Kayak Reviews

Float and Gloat

Not every playboat is for whitewater. Maximize your summer fun on lakes, rivers, and oceans with these versatile sit-on-top kayaks.

Kayak Reviews
Mark Anders

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Kayak Reviews

Kayak Reviews

Hobie Mirage Outfitter
Best For: Beginners, or anyone who wants to give their arms a rest.
Why It’s Cool: It’s a pedal boat for grown-ups! Sure, you can paddle it just like any sit-on-top kayak—it’s stable and predictable—but what distinguishes the tandem Outfitter is its unique hands-free propulsion. Dubbed the MirageDrive, the system slides into the hull in seconds, and your pedaling motion powers a pair of underwater flippers. You steer with a tiny joystick that controls the rudder. It’s so simple that my inexperienced parents were cruising around North Carolina’s Banks Channel right away. The Outfitter is designed as a tandem but can be paddled solo, and thanks to its 34-inch beam, even beginners will have no problem staying upright.
Before You Buy: The MirageDrive needs water at least 12 inches deep, so landing can be tricky. And it’s heavy for a 12-footer. 12’8″ x 34″, 72 lbs, $2,199; hobiecat.com

Mad River Synergy 12
Best For: Paddlers who want a stable flatwater cruiser with enough storage for weekend kayak-camping trips.
Why It’s Cool: The Synergy is among the best of a new breed of kayak/canoe hybrids that deliver ultimate versatility. With its high sides and low seat, you’ll feel like you’re sitting in a bathtub—but not like you’re paddling one. The 12-footer I tested cut through windblown whitecaps and tracked well, thanks to a sleek kayaklike hull. And you get the stability and ample cargo capacity you’d expect from a canoe. Mad River offers a 14-foot model with an optional rudder, but unless you plan on doing gear-heavy, long-distance trips, choose the more maneuverable 12-footer.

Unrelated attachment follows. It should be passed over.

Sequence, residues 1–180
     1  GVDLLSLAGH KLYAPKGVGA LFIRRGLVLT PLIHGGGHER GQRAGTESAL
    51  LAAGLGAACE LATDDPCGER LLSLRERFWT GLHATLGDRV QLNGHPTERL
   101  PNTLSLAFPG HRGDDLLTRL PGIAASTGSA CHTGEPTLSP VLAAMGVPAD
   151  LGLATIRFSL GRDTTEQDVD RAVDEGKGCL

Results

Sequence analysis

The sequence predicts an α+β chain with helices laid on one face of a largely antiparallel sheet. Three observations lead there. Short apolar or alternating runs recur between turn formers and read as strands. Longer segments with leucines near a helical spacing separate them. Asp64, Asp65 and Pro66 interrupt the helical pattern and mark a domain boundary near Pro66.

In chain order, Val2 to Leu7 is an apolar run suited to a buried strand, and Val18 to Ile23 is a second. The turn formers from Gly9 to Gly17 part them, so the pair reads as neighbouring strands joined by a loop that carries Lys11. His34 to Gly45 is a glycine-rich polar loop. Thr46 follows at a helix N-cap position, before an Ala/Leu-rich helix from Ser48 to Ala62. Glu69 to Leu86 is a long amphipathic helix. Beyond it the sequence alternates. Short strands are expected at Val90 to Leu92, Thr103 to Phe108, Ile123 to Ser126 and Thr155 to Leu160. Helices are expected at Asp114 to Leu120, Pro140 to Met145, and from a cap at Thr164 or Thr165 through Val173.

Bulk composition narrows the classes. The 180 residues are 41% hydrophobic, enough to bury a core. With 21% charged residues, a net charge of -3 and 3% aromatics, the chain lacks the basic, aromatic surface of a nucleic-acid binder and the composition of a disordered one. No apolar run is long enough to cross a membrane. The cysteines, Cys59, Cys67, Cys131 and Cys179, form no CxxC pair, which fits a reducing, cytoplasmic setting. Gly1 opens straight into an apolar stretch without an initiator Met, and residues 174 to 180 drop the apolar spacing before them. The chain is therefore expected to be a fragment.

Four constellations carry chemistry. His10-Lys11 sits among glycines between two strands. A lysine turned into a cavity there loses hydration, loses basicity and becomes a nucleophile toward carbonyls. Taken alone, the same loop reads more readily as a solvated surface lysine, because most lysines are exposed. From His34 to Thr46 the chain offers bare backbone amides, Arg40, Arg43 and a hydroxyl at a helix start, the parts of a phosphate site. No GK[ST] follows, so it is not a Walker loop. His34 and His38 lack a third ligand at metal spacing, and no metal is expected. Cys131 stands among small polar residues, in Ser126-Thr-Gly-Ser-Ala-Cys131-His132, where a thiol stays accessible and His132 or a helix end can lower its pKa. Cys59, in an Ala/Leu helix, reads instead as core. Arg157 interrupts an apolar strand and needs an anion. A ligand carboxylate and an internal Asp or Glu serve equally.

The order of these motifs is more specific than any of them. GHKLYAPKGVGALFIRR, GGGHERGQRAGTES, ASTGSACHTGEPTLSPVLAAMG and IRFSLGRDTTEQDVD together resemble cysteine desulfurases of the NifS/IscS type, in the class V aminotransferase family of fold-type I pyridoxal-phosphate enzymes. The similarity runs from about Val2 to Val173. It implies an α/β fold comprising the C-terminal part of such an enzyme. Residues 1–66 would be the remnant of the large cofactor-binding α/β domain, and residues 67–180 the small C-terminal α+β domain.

Before You Buy: Check your stroke. The grab handles protrude a bit from the hull, so some paddlers may scrape their knuckles. 12′ x 30.8″, 60 lbs, $750; mad-rivercanoe.com

Native Watercraft Magic 12
Best For: Anyone who wants an all-purpose craft that converts to a specialist fishing kayak.
Why It’s Cool: A “plug-and-play” system of metal rails and recesses in the hull lets you customize the Magic 12 with fishing accessories—rod holders, a dashboard for a GPS and fish finder, cup holders, tackle boxes, coolers—without drilling any holes. At 30 inches wide, it’s exceedingly stable, so you can focus on roping in the trout and bonefish rather than staying upright. Remove the angler system and the Magic quickly converts back into an everyday craft that’s surprisingly quick and maneuverable. In either mode, you get a cushy folding seat—think mesh beach chair mounted on a kayak—that maximizes airflow, eliminating the sticky-back syndrome caused by most high-back seats.
Before You Buy: If you weigh more than 200 pounds, get the 14.5-foot model, due out this summer. 12’1″ x 30″, 56 lbs, $750; native-watercraft.net

Feathercraft Java
Best For: Boaters who want a portable kayak that packs small enough to check on a bush plane or store in a closet.
Why It’s Cool: It paddles better than any inflatable I’ve ever tried. I was skeptical when I pulled the Java out of its duffel and started popping together the aluminum-and-magnesium frame, but once I launched it in the Intracoastal Waterway near my home in North Carolina, it was clear this is no portable pig. It’s the lightest and longest kayak here, which helps boost speed. And though the wind blew me sideways at first, the Java tracked well as soon as I dropped the skeg. Don’t doubt the durability of its welded urethane hull. I paddled the Java across scalpel-sharp oyster beds, but the hull remained unscathed and airtight.
Before You Buy: Feathercraft claims the Java takes ten minutes to assemble, but expect to spend about twice that. 15’4″ x 28″, 33 lbs, $1,966; feathercraft.com

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